Better preventative care is perhaps one of the greatest gifts of Obamacare. Thanks to the expansion of Medicaid, many lower-income people have gotten access to affordable primary health care; this in turn has led to better illness prevention. The result is not just healthier people, but money saved through less time spent sick.
A new study from researchers at Indiana and Cornell Universities looked at the effects of the Affordable Care Act’s (ACA) Medicaid expansion on a specific group: low-income, non-elderly, non-disabled childless adults–folks who wouldn’t normally be eligible for coverage without the ACA. This group is now 17% more likely to have health insurance, 7% more likely to have a personal doctor, and 11% “less likely to report that cost was a barrier to their health care,” according to a statement from the Indiana University Newsroom.
For many people, preventative medicine might be the most life-changing part of the ACA. Instead of only visiting doctors after things have gone wrong–often long after they have gone wrong–people can get regular checkups or visit doctors for guidance. This helps doctors catch problems early, and also gives the patient access to medical advice so they can prevent trouble before it starts. Regular dental visits are one example, as are HIV tests and flu vaccinations. In another study, cancer detection in seniors increased for exactly the same reasons.
To determine the effects of the ACA on preventative medicine, the researchers exploited a glitch in the legislation. The ACA originally required Medicaid to be extended to all adults whose income was below 138% of the federal poverty line, according to the study. But a 2012 ruling by the Supreme Court allowed states to opt out, leaving only 31 states and Washington, D.C., with expanded care. This allowed the researchers to set up a comparison between the two groups of states.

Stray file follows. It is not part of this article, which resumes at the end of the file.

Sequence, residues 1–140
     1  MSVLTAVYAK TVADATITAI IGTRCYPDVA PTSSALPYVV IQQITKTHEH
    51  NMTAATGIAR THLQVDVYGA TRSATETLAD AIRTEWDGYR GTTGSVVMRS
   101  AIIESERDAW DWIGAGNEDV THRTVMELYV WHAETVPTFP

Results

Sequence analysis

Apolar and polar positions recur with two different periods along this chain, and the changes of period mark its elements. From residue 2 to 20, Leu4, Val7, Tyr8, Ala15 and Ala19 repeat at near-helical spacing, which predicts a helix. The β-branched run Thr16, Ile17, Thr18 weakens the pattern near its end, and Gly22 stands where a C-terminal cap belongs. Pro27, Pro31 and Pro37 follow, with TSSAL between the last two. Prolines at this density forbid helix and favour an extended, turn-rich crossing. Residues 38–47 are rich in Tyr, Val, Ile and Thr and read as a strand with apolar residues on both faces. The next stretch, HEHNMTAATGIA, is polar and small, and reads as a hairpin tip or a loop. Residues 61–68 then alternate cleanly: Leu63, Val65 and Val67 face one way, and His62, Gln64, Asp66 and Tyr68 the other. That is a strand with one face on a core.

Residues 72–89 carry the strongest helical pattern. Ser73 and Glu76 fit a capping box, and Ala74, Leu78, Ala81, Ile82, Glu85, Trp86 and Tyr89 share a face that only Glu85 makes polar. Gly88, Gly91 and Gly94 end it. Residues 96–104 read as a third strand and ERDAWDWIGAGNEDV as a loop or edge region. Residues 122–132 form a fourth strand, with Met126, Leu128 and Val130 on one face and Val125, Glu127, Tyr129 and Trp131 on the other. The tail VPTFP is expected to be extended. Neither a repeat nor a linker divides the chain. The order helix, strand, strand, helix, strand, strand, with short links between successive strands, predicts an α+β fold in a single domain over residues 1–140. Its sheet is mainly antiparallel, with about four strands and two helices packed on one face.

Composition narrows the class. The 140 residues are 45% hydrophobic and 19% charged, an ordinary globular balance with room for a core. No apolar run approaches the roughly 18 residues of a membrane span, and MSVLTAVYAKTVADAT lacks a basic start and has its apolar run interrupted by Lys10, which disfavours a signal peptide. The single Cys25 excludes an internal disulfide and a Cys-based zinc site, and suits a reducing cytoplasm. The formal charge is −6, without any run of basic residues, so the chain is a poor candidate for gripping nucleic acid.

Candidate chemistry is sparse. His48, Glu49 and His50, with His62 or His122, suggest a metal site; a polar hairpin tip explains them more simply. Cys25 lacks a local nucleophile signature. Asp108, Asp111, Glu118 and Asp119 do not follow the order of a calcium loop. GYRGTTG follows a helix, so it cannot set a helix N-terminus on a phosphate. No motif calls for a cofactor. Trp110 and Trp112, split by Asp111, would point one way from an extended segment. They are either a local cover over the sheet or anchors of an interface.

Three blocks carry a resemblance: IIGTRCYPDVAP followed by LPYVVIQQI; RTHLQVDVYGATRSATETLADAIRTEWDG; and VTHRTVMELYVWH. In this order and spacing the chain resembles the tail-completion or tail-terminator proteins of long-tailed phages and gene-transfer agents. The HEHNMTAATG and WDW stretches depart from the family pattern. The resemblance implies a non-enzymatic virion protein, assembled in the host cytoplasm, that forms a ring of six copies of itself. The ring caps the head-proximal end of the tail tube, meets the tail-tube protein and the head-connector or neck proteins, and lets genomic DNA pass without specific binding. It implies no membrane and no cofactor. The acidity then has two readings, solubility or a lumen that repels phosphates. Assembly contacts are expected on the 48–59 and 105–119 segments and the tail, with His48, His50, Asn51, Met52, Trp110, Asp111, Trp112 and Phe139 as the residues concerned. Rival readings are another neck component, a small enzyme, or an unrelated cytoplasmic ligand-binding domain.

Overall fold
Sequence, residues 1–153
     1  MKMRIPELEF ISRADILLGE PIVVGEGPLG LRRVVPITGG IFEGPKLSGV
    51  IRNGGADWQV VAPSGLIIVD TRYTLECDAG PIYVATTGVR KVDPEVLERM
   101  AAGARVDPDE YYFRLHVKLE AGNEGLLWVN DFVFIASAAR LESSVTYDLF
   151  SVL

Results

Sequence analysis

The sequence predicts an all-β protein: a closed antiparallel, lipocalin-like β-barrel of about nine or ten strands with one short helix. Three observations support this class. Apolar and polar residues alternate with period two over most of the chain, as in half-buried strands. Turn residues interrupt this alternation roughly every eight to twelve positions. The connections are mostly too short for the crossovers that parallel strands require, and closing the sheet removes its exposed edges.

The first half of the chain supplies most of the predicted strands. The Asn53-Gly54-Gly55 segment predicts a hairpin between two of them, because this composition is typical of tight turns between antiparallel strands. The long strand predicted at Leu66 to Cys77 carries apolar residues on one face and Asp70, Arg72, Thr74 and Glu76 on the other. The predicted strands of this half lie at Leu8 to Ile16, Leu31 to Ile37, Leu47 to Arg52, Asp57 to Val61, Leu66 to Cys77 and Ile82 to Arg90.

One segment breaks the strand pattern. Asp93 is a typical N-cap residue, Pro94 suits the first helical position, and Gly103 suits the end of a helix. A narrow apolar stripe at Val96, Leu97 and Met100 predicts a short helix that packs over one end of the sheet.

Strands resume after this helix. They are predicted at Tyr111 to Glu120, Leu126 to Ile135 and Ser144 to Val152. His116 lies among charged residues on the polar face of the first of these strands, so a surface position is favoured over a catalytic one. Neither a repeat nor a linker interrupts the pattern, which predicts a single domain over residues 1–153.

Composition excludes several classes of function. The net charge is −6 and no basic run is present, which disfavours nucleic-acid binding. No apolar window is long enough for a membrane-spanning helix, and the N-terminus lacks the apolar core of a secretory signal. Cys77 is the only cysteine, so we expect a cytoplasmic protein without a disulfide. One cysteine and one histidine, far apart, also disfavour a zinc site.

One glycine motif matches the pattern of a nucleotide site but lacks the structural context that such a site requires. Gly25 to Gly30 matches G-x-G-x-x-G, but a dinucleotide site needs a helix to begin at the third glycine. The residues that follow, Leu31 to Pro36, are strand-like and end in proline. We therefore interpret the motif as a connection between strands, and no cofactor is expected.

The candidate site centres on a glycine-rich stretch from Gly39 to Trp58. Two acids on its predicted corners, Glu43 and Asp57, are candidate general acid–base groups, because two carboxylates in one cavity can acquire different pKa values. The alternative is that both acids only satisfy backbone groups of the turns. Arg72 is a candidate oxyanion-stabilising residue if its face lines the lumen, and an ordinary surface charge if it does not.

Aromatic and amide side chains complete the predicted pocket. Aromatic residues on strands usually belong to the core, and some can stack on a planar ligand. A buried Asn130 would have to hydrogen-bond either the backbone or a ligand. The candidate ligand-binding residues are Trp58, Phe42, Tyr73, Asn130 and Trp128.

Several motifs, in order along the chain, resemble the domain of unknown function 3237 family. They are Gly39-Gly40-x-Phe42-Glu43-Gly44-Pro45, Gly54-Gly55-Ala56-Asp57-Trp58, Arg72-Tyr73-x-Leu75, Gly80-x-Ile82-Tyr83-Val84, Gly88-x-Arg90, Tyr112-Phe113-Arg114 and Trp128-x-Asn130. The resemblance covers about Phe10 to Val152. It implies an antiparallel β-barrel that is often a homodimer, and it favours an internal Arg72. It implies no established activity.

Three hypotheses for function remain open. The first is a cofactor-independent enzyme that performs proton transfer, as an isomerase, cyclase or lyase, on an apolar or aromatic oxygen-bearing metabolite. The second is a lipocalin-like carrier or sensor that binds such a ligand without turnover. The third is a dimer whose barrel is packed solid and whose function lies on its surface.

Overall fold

The results are clear. More people with more access to early care means fewer sick people, and fewer days wasted due to illness. The study also looked at one other aspect: the fear that lower medical expenses would lead people to to spend their money on alcohol and drugs instead. “The newly insured may allocate some of the funds they would have otherwise devoted to health care toward risky health behaviors (e.g., cigarettes or eating more) or toward health improvements,” the study authors wrote.
But poor people, the researchers found, didn’t rush out and spend those few extra dollars on getting high or poisoning themselves with fast food, despite the patronizing expectation that they would do so. However, alcohol, drugs, and a bad diet are serious health concerns in the U.S.; and the study showed that Medicaid improvements didn’t reduce these problems, either.
Despite that, it’s hard to argue with the study’s overarching finding: Give people cheap access to good healthcare and they won’t get sick as often. It seems obvious, which makes you wonder about the motivation of the states which voted not to provide it to their citizens–and Donald Trump’s larger effort to roll back the ACA entirely.